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Main building of the Moscow State University
Ryazan's Drama Theater

Stalinist architecture (Russian: ста́линский ампи́рStalin's Empire style or ста́линский неоренесса́нс – Stalin's Neo-renaissance), also referred to as the Stalinist Gothic, or Socialist Classicism, is a term given to architecture of the Soviet Union between 1933, when Boris Iofan's draft for Palace of the Soviets was officially approved, and 1955, when Nikita Khruschev condemned "excesses" of the past decades and disbanded the Soviet Academy of Architecture.

Stalinist architecture has connections to the socialist realism school of art & architecture.

Contents

Features

Typical Stalinist: Peking Hotel in Moscow, 1946–1955
One of the 22 rejected projects for Kiev's reconstruction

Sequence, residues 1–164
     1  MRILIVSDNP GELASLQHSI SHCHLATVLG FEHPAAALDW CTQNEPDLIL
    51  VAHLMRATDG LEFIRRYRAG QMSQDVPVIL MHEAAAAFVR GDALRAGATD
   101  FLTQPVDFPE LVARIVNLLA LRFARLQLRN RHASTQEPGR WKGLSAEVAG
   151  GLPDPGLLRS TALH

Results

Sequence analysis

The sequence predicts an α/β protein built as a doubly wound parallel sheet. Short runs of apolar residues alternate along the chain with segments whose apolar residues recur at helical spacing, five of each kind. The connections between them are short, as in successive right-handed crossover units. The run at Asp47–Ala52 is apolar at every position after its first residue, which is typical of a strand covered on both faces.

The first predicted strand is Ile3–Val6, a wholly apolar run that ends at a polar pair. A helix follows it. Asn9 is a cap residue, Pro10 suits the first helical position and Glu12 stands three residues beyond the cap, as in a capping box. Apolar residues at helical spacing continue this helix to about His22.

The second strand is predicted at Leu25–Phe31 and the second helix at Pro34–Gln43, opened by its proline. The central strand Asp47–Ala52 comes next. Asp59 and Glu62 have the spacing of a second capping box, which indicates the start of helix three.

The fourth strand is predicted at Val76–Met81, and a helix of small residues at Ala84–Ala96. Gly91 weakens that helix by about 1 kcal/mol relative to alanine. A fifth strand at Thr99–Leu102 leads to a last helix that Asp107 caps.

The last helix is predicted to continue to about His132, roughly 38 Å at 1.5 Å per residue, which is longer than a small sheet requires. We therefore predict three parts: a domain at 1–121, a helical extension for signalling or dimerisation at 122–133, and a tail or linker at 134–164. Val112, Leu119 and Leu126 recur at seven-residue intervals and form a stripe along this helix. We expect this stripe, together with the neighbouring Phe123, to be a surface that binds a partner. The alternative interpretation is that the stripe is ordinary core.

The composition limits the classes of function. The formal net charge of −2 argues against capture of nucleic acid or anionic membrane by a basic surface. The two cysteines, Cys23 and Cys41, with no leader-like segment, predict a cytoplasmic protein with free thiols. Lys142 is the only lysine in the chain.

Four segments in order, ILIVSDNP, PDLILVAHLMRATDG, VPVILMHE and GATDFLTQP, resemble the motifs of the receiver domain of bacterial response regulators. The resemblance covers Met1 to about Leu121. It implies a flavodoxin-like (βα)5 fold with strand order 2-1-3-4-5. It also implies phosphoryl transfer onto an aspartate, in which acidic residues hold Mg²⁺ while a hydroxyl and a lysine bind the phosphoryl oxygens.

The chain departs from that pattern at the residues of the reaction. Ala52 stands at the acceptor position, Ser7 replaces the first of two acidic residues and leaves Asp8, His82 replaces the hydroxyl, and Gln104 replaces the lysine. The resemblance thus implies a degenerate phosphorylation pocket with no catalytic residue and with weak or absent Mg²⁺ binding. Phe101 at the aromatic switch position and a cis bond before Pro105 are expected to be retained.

In the Soviet policy of rationalization of the country, all cities were built to a general development plan. Each was split into districts, with allotments drawn based on the city's geography. Projects would be drawn up for whole districts, visibly transforming a city's architectural image.

The interaction of the state with the architects would prove to be one of the focal points of this time. The same building could be declared a formalist blasphemy and then receive the highest praise the next year,[1] Authentic styles like Zholtovsky's Renaissance Revival, Ivan Fomin's St. Petersburg Neoclassical Revival and Art Deco adaptation by Alexey Dushkin and Vladimir Shchuko coexisted with pale imitations and eclectics that became a symbol of that era.

Technology

Wet stucco over masonry. Early elite block, Patriarshy Ponds, Moscow. Art deco adaptation by Vladimir Vladimirov
A sanatorium in Saratov, very common provincial application of Stalinist style